Manitoba cabinet minister to be removed from caucus if not vaccinated by Dec. 15: premier

Manitoba Premier Heather Stefanson says all members of caucus and cabinet will need to be fully vaccinated by Dec. 15 or else they will be out of a job. For that, and the latest on Omicron in Manitoba, here's Rosanna Hempel.

Manitoba Premier Heather Stefanson says the province’s infrastructure minister will be out of a job if he isn’t vaccinated in the next two weeks.

Ron Schuler is the lone Manitoba MLA who hasn’t disclosed his vaccination status.

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Stefanson said Wednesday all members of caucus and cabinet will need to be fully-vaccinated by Dec. 15.

“Premier Stefanson expects all members of cabinet and caucus to be fully vaccinated in time for new requirements for access to the Manitoba Legislative Building,” a spokesperson from Stefanson’s office said in a statement.

“This includes the Minister of Infrastructure.”

If Schuler isn’t vaccinated by the deadline, Stefanson says he’ll be removed from caucus and cabinet. She said politicians must set the tone.

“I very much believe in vaccines. They are working … and I think as leaders, we should lead by example,” Stefanson told reporters.

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Stefanson has set Dec. 15 as the start date for new requirements that will see only the fully-vaccinated — politicians, staff, even public visitors — allowed to access to the Legislature.

Wednesday was the first time she made it a condition of remaining in cabinet and caucus. She would not indicate whether Schuler has agreed to abide by the rule.

“I’m not going to get into individual conversations that I have.”

Schuler, a veteran legislature member who ran for the Tory leadership 15 years ago, is the only provincial politician who has refused to say whether he is vaccinated. The other 56 members have said they are.

Schuler has also been noticeably absent from places where vaccines are mandatory, such as the recent Tory leadership convention and the legislature chamber. He has participated in chamber debates virtually.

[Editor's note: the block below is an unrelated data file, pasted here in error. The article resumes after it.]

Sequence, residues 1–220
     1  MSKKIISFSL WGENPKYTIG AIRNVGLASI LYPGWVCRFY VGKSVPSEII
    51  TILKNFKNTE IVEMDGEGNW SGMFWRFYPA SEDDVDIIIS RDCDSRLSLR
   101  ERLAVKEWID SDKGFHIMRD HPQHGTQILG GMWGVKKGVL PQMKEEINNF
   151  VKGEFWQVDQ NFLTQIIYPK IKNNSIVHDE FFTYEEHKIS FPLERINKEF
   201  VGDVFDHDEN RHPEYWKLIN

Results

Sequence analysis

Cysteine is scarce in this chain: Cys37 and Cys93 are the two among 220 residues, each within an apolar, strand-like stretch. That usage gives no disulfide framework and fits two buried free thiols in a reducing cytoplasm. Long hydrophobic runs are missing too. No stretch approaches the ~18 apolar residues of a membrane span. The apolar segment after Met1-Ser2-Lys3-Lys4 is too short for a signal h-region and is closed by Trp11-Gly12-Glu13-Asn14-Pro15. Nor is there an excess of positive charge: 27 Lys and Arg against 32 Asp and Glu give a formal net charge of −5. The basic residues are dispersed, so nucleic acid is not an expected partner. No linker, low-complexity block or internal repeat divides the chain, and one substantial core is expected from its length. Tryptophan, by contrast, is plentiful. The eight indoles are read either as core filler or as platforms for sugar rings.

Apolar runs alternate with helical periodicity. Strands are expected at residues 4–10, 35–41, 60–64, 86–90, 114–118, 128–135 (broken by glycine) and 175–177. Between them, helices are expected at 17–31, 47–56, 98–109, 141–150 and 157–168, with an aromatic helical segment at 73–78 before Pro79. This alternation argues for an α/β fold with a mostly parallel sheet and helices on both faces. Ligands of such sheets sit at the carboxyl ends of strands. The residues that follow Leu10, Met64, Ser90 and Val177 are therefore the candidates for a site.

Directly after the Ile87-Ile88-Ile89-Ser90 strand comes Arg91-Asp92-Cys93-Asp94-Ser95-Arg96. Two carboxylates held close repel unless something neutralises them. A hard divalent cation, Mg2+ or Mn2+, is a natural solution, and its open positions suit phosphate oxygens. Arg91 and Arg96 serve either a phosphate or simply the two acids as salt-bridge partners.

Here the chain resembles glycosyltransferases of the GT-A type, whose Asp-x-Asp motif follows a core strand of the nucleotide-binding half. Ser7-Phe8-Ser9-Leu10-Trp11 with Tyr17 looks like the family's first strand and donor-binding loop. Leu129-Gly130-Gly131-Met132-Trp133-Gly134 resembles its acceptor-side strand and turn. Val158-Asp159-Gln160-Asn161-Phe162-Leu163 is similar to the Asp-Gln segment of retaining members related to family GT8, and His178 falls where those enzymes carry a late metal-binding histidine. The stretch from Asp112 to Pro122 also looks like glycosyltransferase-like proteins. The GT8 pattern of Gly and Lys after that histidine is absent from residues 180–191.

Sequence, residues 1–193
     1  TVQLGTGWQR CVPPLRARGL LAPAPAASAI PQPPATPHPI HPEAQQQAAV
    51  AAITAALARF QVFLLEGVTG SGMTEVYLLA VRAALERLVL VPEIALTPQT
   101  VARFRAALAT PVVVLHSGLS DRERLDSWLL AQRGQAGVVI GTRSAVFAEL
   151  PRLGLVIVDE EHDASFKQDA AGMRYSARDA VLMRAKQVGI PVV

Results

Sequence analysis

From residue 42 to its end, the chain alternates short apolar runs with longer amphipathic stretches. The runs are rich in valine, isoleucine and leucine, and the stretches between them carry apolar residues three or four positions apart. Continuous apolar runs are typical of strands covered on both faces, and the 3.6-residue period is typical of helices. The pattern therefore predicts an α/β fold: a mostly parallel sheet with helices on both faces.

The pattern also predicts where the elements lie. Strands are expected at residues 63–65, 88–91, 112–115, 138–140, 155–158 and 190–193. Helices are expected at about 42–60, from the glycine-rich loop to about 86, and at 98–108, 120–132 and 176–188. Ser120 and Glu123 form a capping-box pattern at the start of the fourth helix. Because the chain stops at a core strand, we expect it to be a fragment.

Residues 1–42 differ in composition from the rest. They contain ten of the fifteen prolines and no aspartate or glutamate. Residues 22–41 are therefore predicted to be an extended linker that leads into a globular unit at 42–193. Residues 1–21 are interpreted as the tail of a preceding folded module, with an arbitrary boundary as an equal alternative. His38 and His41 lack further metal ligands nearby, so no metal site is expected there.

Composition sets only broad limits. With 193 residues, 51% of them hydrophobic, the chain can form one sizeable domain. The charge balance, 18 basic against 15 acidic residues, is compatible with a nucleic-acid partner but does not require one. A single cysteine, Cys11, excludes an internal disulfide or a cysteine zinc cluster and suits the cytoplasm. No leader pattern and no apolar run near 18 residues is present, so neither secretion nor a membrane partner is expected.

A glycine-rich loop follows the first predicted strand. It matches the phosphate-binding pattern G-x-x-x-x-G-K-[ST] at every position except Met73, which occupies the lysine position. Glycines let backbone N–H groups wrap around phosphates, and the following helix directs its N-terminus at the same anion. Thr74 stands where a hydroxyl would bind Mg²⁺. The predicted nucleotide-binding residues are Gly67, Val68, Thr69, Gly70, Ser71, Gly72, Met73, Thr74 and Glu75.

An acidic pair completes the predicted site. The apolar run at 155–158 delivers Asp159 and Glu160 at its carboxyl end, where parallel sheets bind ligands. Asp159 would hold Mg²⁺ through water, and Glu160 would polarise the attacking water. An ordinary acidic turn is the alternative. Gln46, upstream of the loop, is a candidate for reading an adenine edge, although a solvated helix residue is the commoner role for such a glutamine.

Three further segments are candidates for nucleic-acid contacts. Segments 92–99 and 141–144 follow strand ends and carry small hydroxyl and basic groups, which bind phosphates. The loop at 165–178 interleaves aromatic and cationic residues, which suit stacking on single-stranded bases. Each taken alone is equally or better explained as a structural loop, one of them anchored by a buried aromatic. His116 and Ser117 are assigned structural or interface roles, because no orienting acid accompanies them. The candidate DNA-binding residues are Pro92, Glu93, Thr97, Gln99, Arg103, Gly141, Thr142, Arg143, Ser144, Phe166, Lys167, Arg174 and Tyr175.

Given the timeline, Schuler would have no time to begin the 45-plus day journey to becoming fully-vaccinated with a two-dose vaccine,  if he hasn’t already received at least one shot.

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Stefanson avoided calls Tuesday to remove Schuler from cabinet.

Global News reached out to Schuler’s office for comment, asking specifically whether or not he’d be able to continue in caucus past the deadline.

“As stated in house yesterday, no one in Caucus is opposed to vaccinations, however, my personal health information is a private matter and I do not discuss my personal health information publicly,” he said in a statement.

Stefanson said the Dec. 15 deadline could be moved up if appropriate systems are put in place.

Families Minister Rochelle Squires said Stefanson’s vaccine requirement is “a great policy.”

The Opposition New Democrats said the Tories should have required all caucus members to be vaccinated long ago.

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“It’s not much of an ultimatum, coming in December of a year when every Manitoban has been told to get vaccinated,” NDP Leader Wab Kinew said.

“At this stage, if you didn’t already get the vaccine and you’re in the government’s cabinet, what are you doing?”

–With files from The Canadian Press, Brittany Greenslade, Rosanna Hempel, and Skylar Peters

Questions about COVID-19? Here are some things you need to know:

Symptoms can include fever, cough and difficulty breathing — very similar to a cold or flu. Some people can develop a more severe illness. People most at risk of this include older adults and people with severe chronic medical conditions like heart, lung or kidney disease. If you develop symptoms, contact public health authorities.

To prevent the virus from spreading, experts recommend frequent handwashing and coughing into your sleeve. They also recommend minimizing contact with others, staying home as much as possible and maintaining a distance of two metres from other people if you go out. In situations where you can’t keep a safe distance from others, public health officials recommend the use of a non-medical face mask or covering to prevent spreading the respiratory droplets that can carry the virus. In some provinces and municipalities across the country, masks or face coverings are now mandatory in indoor public spaces.

For full COVID-19 coverage from Global News, visit our coronavirus page.

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